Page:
The popularity of wild swimming has skyrocketed in recent years, particularly during the Covid pandemic when thousands of people across the UK regularly took to the water to experience the physical and psychological benefits of cold water immersion. The Cairngorms are no exception, and we have some really lovely spots here for a dip. Staying in Grantown-on-Spey, you are within easy reach of river, loch and sea, so let’s dive in and get those endorphins pumping!
First things first though – let’s talk about water safety. Even at the height of summer, the colder water of the Scottish Highlands causes a real risk of cold water shock. A few key tips:
- Go with a friend – even if they stay on shore to watch you
- Swim within your capability
- Wear neoprene booties to protect your feet; gloves are also recommended
- Do your research – weather, wind, water temperature, entry and exit points
- Wear a colourful swim cap – make sure you’re visible in the water, and consider a tow float for longer swims
- Keep it quick, particularly if it’s colder than you’re used to
- Do not swim in lochs when there is algae bloom
- Warm up afterwards – get dressed quickly, woolly hat and plenty of layers – and take a flask of something hot!
Now onto the fun part – where to swim? There are so many options!
- In Grantown-on-Spey itself, swim in the River Spey. For easy entry to the water, head to the wee sandy beach accessed by foot or bike by following Kylintra Burn down to the river (there’s an underpass under the A95), or by car at the parking sign just off the A95 between the two roundabouts on the south edge of the town.
- North of Grantown-on-Spey, travelling on the A939 and at the north end of the Dava moor, you’ll see a single-track road veering to the left before the bridge at Dava School House. This will take you down to Lochindorb, a freshwater loch with an island supporting the ruins of the ancient Lochindorb Castle, which dates back to the 13th century. It’s a popular place for fishing, and bird-watching, so you may well spot some oystercatchers, ospreys, lapwings and common sandpipers while you swim!
- Further north, only a 45-minute or so drive from Grantown-on-Spey, you will reach the Moray coast. Here you can swim in the fresh, cold North Sea – the vast, glorious beach at Nairn, Findhorn’s lovely pebbly beach and Bow Fiddle Rock at Portknockie are just a few of the fantastic places to explore along the coast.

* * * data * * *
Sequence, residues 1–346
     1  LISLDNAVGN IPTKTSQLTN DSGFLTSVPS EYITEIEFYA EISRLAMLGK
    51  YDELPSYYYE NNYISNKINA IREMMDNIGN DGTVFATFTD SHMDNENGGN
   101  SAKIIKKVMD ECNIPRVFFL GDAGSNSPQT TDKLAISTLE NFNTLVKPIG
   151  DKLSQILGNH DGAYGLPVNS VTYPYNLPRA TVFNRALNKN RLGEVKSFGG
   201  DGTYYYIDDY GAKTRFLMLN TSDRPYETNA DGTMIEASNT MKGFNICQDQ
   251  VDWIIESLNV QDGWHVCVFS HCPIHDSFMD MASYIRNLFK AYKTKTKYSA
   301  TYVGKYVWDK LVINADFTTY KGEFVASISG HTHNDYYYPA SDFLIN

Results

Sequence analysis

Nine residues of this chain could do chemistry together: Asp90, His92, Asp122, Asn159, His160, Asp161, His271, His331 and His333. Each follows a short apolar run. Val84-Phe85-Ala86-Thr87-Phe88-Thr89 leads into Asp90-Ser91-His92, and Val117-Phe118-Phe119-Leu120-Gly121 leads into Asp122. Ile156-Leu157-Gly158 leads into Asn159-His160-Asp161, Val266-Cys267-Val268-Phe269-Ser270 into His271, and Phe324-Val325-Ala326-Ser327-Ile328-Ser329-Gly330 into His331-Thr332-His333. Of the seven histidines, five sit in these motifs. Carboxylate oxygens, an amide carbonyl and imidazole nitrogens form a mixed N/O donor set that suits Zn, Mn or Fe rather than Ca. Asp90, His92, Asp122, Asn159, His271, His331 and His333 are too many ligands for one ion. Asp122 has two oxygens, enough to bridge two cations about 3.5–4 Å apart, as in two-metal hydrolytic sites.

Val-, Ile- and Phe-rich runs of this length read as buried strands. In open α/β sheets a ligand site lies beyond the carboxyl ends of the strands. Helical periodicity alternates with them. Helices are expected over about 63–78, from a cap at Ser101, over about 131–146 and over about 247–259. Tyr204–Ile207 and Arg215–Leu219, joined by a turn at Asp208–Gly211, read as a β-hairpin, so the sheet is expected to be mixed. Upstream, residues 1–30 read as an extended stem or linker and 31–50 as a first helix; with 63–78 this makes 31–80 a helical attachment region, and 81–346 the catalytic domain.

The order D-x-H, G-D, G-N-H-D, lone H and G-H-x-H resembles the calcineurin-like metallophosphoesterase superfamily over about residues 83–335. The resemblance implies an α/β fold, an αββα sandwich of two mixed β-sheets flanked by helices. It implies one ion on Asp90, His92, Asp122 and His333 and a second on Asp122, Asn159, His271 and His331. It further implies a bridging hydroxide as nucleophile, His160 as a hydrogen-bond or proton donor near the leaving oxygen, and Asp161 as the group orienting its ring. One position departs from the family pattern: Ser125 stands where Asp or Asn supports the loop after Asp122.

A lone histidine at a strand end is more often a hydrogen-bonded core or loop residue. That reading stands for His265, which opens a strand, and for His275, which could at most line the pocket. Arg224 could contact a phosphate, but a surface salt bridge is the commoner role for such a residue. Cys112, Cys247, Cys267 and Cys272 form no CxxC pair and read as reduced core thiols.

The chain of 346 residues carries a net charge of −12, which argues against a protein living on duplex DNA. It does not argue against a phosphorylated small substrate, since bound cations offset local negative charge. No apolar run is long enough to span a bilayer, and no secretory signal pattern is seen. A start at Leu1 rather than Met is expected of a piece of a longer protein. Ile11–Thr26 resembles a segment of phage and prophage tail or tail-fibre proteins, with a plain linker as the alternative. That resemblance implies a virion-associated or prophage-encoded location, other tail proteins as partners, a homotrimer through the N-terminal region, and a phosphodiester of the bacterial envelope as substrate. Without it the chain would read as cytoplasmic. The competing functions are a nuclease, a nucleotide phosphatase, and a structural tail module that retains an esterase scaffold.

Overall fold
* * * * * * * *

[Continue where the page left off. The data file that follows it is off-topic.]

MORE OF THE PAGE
- About 17 miles south of Grantown-on-Spey, between Nethy Bridge and Boat of Garten, you’ll find lovely Loch Garten, surrounded by ancient Caledonian pine forest and part of the Abernethy National Nature Reserve. Calm waters and stunning views make this a top swim spot for locals.
- Further south, just off the A95 between Aviemore and Carrbridge, beautiful Loch Vaa with its circuit path, pine and birch forest and stony beach is extremely popular with local wild swimmers. Even in the depths of winter, the regulars are down here smashing up the ice to get in the freezing water!
Other favourite locations of our local wild swimmers include Loch Morlich, Loch An Eilean, the Green Lochan at Glenmore, Feshiebridge, Loch Insh and Loch Alvie. It really is a wild swimmer’s paradise.
Regular visitors to the Cairngorms may wish to join the Cairngorm Wild Swimmers’ private Facebook group. A friendly, welcoming group, its Facebook page provides a means to make social arrangements for swims, training, outings, adventures and expeditions with other like-minded swimmers.
And if reading this has piqued your interest but you’d like to build confidence in the open water, how about booking a half-or full-day guided swim adventure with local wild swimming expert Alice of SwimWild? As anyone who goes wild swimming will tell you, you won’t regret it!
For somewhere to refuel after you swim head into the centre of Grantown-no-Spey and visit one of the Cafe’s, restaurants or bars.